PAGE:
The acts of Congress authorizing the construction of Widow's Bar dam ( 39 Stat. 399; 40 Stat. 1282) did not direct the appropriation of any particular property or authorize payment to be made for flowage rights. Those acts were considered in our former opinion in the Jacobs Case; it was recognized that no right of action existed under them, and held that recovery must be had if at all upon an implied contract. The opinion then proceeded to hold that flowage damage to privately owned property was contemplated by the government, and that the property of Jacobs was taken, not in the commission of a tort for which there would be no liability, but under an implied promise to pay for the resulting damage. 45 F.2d 34. In condemnation proceedings instituted by the government, interest is allowed from the date of the actual taking as a part of just compensation under the Fifth Amendment. United States v. Rogers, 255 U.S. 163, 41 S. Ct. 281, 65 L. Ed. 566. As a general rule however, except where otherwise provided by agreement or by the express words of a statute, interest is not recoverable in suits brought against the United States upon unpaid accounts or claims. Boston Sand Co. v. United States, 278 U.S. 41, 49 S. Ct. 52, 73 L. Ed. 170. And it is provided by statute that "no interest shall be allowed on any claim up to the time of the rendition of judgment by the Court of Claims, unless upon a contract expressly stipulating for the payment of interest," etc. Revised Statutes, § 1091; 28 USCA § 284. This statute applies equally to District Courts exercising jurisdiction under the Tucker Act "concurrent with the Court of Claims." 28 USCA § 41 (20). As the sovereign cannot be sued without its consent, it was competent for Congress in giving consent to suits against the United States upon private claims to impose the condition that such claims should not draw interest. Interest may not be collected "when the Government without instituting condemnation proceedings appropriates for a public use under legislative authority private property to which it asserts no title," because the property owner's only right to bring suit against it in the Court of Claims or in a District Court is not founded upon the Fifth Amendment but upon the existence of an implied promise or contract to pay the value of the property taken. United States v. North American Co., 253 U.S. 330, 40 S. Ct. 518, 64 L. Ed. 935. The just cited case is controlling on the question now under consideration. The suit there as here was held to be upon an implied contract. There is nothing in conflict with it in other Supreme Court decisions relied on by appellees. United States v. Rogers, supra, and Seaboard Air Line Ry. v. United States, 261 U.S. 299, 43 S. Ct. 354, 67 L. Ed. 664, were condemnation cases. In each the North American Case was referred to and distinguished on the ground that it was not a condemnation case. In United States v. Cress, 243 U.S. 316, 37 S. Ct. 380, 61 L. Ed. 746, in the course of the opinion, the statement was made that the judgments entered in the court below included interest; and those judgments were affirmed. But it was not stated that the interest ran from the date the property was taken; and for all that appears interest was calculated only from the date of the judgment. In Hurley v. Kincaid, 285 U.S. 95, 52 S. Ct. 267, 76 L. Ed. 637, the question of interest was not considered.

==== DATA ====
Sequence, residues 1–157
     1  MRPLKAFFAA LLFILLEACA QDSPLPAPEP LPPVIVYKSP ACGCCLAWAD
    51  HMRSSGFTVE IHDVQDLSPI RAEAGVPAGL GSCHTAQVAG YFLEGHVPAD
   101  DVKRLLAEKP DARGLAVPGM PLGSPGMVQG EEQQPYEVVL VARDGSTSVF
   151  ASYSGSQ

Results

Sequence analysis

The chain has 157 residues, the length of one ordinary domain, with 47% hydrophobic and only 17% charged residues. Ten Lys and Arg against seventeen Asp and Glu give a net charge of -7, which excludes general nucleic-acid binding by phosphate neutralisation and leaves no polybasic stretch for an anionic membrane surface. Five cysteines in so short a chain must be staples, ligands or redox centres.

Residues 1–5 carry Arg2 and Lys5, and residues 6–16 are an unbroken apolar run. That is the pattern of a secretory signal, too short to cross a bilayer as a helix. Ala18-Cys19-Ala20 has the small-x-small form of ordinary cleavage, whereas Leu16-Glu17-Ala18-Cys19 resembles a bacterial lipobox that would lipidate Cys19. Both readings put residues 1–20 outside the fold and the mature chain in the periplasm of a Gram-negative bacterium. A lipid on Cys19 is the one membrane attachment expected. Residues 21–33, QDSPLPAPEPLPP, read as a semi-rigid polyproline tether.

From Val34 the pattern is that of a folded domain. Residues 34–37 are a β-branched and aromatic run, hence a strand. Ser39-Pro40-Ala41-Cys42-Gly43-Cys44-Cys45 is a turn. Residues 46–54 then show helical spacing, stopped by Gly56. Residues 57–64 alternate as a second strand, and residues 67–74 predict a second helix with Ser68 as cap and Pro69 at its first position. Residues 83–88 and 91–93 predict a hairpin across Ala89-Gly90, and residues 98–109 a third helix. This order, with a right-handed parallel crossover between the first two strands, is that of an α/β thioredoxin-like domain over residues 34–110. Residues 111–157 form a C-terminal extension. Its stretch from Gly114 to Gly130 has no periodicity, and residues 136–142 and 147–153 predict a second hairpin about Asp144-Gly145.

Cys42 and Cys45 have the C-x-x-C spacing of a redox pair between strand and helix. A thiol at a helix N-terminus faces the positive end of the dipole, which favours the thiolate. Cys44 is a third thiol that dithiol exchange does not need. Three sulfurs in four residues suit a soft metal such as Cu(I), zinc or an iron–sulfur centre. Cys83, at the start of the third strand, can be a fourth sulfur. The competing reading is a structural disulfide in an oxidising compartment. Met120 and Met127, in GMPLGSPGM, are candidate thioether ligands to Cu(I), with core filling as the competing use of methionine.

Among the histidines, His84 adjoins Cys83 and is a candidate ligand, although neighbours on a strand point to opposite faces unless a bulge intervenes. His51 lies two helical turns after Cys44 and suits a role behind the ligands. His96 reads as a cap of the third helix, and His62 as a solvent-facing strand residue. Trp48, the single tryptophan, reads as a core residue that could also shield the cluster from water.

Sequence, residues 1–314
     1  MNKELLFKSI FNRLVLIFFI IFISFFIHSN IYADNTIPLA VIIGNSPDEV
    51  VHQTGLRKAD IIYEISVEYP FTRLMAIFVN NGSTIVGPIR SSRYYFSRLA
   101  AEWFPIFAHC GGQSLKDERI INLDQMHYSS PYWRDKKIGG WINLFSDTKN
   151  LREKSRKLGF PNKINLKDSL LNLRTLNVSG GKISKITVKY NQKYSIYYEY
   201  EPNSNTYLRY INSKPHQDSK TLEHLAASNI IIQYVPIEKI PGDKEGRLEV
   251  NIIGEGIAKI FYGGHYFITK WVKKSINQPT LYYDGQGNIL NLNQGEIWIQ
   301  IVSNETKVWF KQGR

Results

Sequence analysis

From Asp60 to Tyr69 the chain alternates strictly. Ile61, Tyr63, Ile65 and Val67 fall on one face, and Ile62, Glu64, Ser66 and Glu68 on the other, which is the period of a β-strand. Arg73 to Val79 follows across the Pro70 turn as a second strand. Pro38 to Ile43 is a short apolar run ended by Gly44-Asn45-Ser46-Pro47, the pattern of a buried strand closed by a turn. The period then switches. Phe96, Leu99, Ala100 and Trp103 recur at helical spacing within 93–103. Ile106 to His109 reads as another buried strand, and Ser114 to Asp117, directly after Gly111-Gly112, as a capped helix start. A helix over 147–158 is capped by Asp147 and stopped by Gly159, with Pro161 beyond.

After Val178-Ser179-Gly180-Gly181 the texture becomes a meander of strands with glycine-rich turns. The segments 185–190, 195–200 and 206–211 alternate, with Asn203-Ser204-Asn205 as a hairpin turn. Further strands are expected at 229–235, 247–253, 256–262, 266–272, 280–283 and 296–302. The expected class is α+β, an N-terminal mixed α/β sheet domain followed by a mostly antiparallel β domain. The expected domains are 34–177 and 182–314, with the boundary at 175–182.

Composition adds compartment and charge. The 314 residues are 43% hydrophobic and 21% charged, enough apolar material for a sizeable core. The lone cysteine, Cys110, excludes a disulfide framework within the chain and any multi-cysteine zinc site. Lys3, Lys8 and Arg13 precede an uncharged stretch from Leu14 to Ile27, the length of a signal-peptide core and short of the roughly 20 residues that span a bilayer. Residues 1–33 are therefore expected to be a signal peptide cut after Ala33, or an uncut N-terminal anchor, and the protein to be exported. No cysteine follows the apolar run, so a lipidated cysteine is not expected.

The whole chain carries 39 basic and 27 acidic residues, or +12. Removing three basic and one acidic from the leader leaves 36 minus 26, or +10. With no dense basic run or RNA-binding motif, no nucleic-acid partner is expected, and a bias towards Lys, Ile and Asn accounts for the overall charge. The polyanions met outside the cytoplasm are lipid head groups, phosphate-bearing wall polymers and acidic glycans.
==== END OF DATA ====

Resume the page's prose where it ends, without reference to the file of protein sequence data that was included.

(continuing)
Costs, unless they are directly authorized by statute, are not taxable against the United States. United States v. Chemical Foundation, 272 U.S. 1, 20, 47 S. Ct. 1, 71 L. Ed. 131. Section 152 of the Judicial Code ( 28 USCA § 258) provides for the allowance of costs against the government, including, however, only the amounts actually incurred for witnesses and "fees paid to the clerk of the court." The costs referred to are those incurred in the trial court, and there is no provision for costs incurred in the appellate court. Our rule XXXI (4) provides that "no costs shall be allowed in this court for or against the United States." We think, therefore, that the trial court erred in entering judgment for the costs of this court on the former appeal in the Jacobs Case.
The judgments will have to be reversed, and new judgments entered for the damages already ascertained, with interest from the date thereof, and such costs in the District Court as are allowed by law. Accordingly, the judgments are reversed, and the cause remanded for further proceedings not inconsistent with this opinion.